Whether you are a theist or an atheist, the amazing fact that the universe is so providently arranged as to support the ignition and evolution of life, to the point where you and I are here sharing this thought, ought to inspire wonder, gratitude, and praise. This is where religion began – at the confluence of astonishment and thanksgiving. Its role in human culture for millenniums has been to choreograph society by a system of sacred stories, symbols, and rites, with the purpose of fanning the embers of inspiration and uniting the community in worship.

Really, it doesn’t matter whether you’re a theist or an atheist, because the rapture of wonder and gratitude of which I’m speaking is not invested in any claim regarding the existence of Someone behind and in charge of it all. The sacred stories, called myths after the Greek word for a narrative plot, did early on begin to tell of agencies with elemental and personified form who conspire to put on the Big Show. This wasn’t an effort to explain the universe, as later interpreters would mistakenly assume, but to confirm what we still today – theists and atheists alike – can acknowledge as the gratuitous intention at the heart of a cosmos that is our home.

Our body is the evolutionary extension of matter into life and consciousness, not self-sufficient but outwardly oriented to the web of resources it requires to survive and prosper. This extroverted attention of the body engages with the sensory-physical reality around us, converting light waves into visual pictures, pressure waves into audible sounds, molecules into sensations of smell and taste, texture and weight (etc.) into how something feels in our hands. With an emergent intelligence capable of assembling all of this into an aesthetic unity of experience, our body serves as the perceptual vantage point in our contemplation of the universe.

When we open our frame of attention to everything around us, the view we entertain, along with our understanding of its fit-and-flow design, is known as our cosmology. And whether we interpret it mythologically or mathematically, we are not merely questing after and entering into dialogue with a universe “out there.” As we are inextricably involved in what we observe, our contemplation is itself an act of the universe.SpiralThat is to say, we are not only participants in the provident order of reality; we are manifestations of it as well. While the animal urgencies of the body naturally orient it outward to the resources it needs, a spiritual intuition conducts consciousness in an opposite direction, inward to its own grounding mystery. This aspect of ourselves is equally as primordial as our body, but its introverted orientation puts us in touch with reality prior to and beneath the threshold where it spreads out as the sensory-physical universe.

The mystical-intuitive depth of our own existence is what is meant by “soul” (Greek psyche) – not some thing living inside our body, the “real me” trapped inside this mortal coil, but the deep interior of consciousness, the ground of being itself. Whereas the myriad qualities of the universe beyond us inspire a cosmology of appropriate complexity and sophistication, the ineffable nature of this grounding mystery within us actually quiets our attempts to describe it, calling us to mystical silence instead.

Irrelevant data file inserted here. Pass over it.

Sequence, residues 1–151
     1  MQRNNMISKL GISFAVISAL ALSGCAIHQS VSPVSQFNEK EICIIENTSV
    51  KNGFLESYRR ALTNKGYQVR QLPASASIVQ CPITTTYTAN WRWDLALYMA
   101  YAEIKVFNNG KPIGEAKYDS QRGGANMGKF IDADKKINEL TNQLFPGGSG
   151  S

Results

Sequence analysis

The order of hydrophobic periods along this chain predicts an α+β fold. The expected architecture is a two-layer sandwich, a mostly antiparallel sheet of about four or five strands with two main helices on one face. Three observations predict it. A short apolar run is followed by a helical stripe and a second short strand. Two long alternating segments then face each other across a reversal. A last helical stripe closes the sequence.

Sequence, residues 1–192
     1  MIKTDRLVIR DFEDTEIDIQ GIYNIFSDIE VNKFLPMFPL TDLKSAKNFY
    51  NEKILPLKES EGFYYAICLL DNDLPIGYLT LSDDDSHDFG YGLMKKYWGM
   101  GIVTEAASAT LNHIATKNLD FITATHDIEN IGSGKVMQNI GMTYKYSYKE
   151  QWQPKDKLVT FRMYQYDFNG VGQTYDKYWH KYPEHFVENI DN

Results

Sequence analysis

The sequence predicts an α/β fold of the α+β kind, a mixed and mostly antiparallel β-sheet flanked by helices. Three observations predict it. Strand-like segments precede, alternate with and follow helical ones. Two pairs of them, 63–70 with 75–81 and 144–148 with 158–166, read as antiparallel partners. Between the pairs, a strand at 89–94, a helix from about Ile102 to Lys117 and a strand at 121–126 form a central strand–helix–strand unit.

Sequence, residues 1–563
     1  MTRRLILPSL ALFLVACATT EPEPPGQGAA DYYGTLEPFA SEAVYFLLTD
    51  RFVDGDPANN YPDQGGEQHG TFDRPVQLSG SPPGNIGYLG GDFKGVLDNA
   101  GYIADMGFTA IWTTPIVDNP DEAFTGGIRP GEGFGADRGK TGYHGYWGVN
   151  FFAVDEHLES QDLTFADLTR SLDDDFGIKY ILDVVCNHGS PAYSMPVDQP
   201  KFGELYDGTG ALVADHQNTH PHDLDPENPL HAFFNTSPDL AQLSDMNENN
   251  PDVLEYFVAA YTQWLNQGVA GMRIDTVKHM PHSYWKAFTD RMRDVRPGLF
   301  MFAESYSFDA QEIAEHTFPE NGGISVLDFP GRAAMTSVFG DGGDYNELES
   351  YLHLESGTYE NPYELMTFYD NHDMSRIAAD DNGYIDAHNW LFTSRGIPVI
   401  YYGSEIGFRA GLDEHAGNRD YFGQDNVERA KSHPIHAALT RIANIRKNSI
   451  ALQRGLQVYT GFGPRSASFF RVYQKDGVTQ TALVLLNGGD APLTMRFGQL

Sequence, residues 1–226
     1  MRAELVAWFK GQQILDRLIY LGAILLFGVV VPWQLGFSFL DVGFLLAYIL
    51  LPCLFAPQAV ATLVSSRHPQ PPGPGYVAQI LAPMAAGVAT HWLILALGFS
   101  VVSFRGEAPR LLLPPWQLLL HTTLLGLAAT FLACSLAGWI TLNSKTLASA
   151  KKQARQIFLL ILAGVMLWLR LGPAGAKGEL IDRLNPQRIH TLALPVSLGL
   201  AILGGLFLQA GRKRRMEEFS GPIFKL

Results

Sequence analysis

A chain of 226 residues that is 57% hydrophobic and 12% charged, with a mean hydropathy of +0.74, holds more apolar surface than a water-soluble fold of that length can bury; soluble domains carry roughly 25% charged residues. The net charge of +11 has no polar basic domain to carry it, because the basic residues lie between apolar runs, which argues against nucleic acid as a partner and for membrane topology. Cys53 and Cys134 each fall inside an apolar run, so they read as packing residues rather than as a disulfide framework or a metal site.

In this way, the best religion will sponsor the research of its members in two directions simultaneously: outward into the most relevant and up-to-date cosmology, and inward to a mystically grounded psychology. The congruency of these two realms – outward and inward, body and soul, universe and ground – is portrayed in myth, revealed in symbols, and celebrated in sacred performance. Science and spirituality have always been the twin fascinations of religion, with its purpose taken up and fulfilled to the extent that it keeps us meaningfully engaged with the present mystery of reality.

The frustration of religion’s essential purpose – this dialogue of body and soul, self and community, society and nature – was introduced long ago with the emergence of a competing ambition, too preoccupied with its own agenda and pressing needs to care as much for the big picture.

Over time, ego’s self-involvement would come to command the focus of just about everything from religion to politics, commerce to lifestyle, philosophy to art. The archaic and long-standing function of religion in reconciling consciousness to the provident universe and its own grounding mystery underwent a profound change as its purpose got reassigned to individual salvation.

What we’re talking about here is the arrival and subsequent influence on culture of the personal ego – that opinionated, flamboyant, self-conscious, willful, ambitious, and deeply insecure center of identity called “I-myself.” Ego’s advent required a greater amount of social energy and attention, as its impulses were more likely to be misaligned with either the body’s instinct or the soul’s wisdom. A moral system of prohibitions, permissions, expectations, and responsibilities had to be created in order to keep its competing inclinations compatible with the general aims of tribal life.